Segments in this Video

Coral Spawning (05:28)


In the late spring, corals set their biological clocks to the lunar cycle. Paddy Colwell leads tourists on a night dive to witness their reproduction activity. Watch as polyps release egg and sperm bundles for fertilization.

Underwater Group Sex (02:11)

Coral reef species reproduce en masse for protection against predators. Egg and sperm drift on ocean currents and color beaches pink. After five days, baby coral settle to start new colonies.

Capricorn Bunker Group (03:25)

Reefs ground to sand form cay islands. Sea birds are declining globally. Dr. Graham Henson leads park rangers and volunteers in surveying wedge-tailed shearwaters; their nesting behavior includes taking turns incubating eggs.

Nesting Behavior (02:13)

Wedge-tailed shearwaters pair for life and split incubation duties. Dr. Henson discusses conservation efforts on the Capricorn Bunker Group. He encounters a green sea turtle burying her eggs.

Mating Behavior (02:00)

Surgeon fish gather in mass spawning sessions; white tipped sharks attack fertile females.

Holmes Reef (03:26)

Professional fish collector Tim Bennett supplies aquarium fish for Cairns Marine; learn about his collection methods. His son captures a seven foot leopard shark.

Gender Bending Species (02:06)

Studying fish in captivity reveals complex lives. Clown fish are monogamous; if one partner dies the other will change sex as a survival mechanism. Learn about Napoleon wrasse transgender behavior.

Medical Emergency on Agincourt Reef (03:54)

Queensland paramedic Valerie Noble and her helicopter crew rescue a man suffering seizures on a tourist platform.

Deep Water Fish Collection (03:43)

Bennett dives 230 feet to look for rare species. Colors gradually disappear as he descends. Learn about nitrogen narcosis. He ascends at intervals to prevent decompression sickness.

Dugong Conservation Efforts (03:28)

Shallow sea grass beds provide a habitat to many species, including grazing mammals. Russell Butler of Hinchinbrook Island helped to ban net fishing, slowing their decline. He also set up an indigenous ranger group protecting the area.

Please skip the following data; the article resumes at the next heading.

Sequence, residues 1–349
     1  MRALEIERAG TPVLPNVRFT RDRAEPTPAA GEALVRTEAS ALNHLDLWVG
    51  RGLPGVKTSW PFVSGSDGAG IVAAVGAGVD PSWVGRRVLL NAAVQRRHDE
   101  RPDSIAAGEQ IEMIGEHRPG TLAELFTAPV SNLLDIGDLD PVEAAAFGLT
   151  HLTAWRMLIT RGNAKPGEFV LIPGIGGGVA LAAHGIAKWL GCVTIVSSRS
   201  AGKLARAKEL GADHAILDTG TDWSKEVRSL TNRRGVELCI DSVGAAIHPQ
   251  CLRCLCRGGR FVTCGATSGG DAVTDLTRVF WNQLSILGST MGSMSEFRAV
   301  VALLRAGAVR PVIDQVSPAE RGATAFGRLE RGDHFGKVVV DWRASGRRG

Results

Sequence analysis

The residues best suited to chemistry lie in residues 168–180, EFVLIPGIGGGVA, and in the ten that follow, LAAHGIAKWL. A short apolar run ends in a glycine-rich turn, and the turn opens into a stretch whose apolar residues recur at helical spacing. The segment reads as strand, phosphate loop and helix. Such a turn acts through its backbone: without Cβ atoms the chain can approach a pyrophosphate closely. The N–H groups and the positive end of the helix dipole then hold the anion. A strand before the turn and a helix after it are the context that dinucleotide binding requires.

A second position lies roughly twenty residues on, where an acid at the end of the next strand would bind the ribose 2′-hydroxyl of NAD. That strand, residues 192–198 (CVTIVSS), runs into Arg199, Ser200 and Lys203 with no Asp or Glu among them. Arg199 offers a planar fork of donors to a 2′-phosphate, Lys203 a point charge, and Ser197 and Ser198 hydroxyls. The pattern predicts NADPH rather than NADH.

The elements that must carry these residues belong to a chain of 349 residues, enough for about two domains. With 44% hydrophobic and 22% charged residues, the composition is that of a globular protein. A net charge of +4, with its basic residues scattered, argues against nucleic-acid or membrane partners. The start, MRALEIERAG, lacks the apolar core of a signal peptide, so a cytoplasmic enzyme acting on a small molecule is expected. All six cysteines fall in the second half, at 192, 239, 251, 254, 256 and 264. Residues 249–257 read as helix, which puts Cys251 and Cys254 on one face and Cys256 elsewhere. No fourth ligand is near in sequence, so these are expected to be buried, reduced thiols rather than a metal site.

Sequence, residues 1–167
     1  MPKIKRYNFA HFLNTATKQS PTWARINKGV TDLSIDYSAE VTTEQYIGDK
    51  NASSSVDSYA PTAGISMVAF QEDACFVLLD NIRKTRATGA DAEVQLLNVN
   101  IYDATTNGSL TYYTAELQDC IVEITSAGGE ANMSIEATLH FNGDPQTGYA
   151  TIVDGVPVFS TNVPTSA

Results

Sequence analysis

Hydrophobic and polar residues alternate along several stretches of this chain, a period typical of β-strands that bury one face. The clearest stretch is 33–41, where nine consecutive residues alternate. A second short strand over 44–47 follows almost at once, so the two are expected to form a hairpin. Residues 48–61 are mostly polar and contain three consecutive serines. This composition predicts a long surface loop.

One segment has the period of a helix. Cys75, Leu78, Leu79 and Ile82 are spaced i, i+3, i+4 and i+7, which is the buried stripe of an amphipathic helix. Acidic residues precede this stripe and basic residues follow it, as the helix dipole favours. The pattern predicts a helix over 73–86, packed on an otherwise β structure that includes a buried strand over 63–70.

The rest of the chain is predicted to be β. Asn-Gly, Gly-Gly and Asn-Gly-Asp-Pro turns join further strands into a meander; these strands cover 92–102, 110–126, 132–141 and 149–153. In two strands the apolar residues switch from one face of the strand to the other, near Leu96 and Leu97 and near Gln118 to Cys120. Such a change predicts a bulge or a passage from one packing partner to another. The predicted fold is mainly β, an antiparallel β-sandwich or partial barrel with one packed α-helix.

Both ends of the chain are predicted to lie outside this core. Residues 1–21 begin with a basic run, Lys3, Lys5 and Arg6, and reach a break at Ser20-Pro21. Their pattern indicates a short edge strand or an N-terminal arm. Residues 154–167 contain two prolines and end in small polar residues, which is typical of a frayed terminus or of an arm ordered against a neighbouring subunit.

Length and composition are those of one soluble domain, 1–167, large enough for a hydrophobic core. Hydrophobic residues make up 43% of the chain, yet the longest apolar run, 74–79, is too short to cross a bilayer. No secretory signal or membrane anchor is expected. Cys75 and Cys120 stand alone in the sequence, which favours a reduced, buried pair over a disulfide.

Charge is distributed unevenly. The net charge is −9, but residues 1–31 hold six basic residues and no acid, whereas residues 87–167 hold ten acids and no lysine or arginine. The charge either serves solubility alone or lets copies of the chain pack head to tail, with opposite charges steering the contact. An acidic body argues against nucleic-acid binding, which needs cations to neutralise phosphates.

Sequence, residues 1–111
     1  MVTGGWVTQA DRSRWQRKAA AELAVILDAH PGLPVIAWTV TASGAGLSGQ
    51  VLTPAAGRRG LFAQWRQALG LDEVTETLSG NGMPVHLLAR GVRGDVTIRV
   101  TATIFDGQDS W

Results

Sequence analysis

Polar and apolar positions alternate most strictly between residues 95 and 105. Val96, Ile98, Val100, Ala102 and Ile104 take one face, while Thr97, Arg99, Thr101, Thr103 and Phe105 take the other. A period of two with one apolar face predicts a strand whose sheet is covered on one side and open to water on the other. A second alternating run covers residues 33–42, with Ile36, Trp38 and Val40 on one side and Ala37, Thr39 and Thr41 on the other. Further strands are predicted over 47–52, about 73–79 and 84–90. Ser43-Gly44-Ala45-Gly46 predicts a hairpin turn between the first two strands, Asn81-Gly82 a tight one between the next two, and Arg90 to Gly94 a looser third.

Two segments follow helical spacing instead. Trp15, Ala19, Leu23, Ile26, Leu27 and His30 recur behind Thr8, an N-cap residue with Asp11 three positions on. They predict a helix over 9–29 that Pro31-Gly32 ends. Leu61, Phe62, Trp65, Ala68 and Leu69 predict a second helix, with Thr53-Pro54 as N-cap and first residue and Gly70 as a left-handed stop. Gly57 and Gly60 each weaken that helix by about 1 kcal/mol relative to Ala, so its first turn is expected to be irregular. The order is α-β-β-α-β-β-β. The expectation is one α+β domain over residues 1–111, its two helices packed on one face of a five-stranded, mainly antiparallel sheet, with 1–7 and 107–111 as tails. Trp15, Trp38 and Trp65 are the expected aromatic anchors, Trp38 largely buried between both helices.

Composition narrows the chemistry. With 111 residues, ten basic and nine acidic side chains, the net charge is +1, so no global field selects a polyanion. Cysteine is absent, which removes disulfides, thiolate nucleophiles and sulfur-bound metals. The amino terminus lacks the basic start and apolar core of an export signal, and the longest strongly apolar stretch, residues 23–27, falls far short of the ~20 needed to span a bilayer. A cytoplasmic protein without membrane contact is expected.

Hinchinbrook Legend (01:46)

Butler relates a dreamtime story about his ancestors coming from the Great Barrier Reef when the sea level rose 10,000 years ago.

Hinchinbrook Mangroves (03:41)

Crocodiles, snakes and biting insects live in the coastal habitat. Biologist Mark Read monitors ecosystem health and explains their role as a fish nursery. As saltwater crocodiles nest, males become territorial.

Acanthaster Planci Threat (03:52)

Many mangroves and wetlands have been cleared for agriculture. Fertilizer runoff has increased crown-of-thorns starfish populations that feed on coral and are responsible for 40% of their destruction. Outbreaks spread across the reef in 15 years.

Controlling a Coral Predator (02:23)

Professor Morgan Pratchett and his team work to halt a crown-of-thorns outbreak. A poison made from bovine bile seems to be effective in killing the destructive starfish.

Project Manta (05:46)

Eco-resort owner Peter Gash supports reef research. Dr. Kathy Townsend leads a team tracking manta rays. They attach tags to study animals, install listening stations around Lady Elliot Island, and recruit recreational divers to photograph manta underbellies possessing unique identification markings.

Sea Bird Survey Results (03:14)

Dr. Henson's team finishes their study on North West Island. Pisonia trees provide a habitat for black noddies. Their numbers are stable, although wedge-tailed shearwater numbers are reduced. Dr. Henson discusses the Great Barrier Reef's intrinsic value.

Credits: Life on the Reef: Episode 2 (01:30)

Credits: Life on the Reef: Episode 2

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Life on the Reef: Episode 2

Part of the Series : Life on the Reef
3-Year Streaming Price: $169.95



The approach of the wet season brings an explosion of life on the reef as corals spawn, sea birds nest and turtle hatchlings erupt over the beaches in the thousands. Like a great alien spaceship, the manta ray comes swooping in, a gentle plankton feeding giant up to seven meters wide and weighing as much as two tons. Soon torrential rain and severe storms will close in, bringing change and upheaval to the delicate ecosystem.

Length: 56 minutes

Item#: BVL131232

Copyright date: ©2014

Closed Captioned

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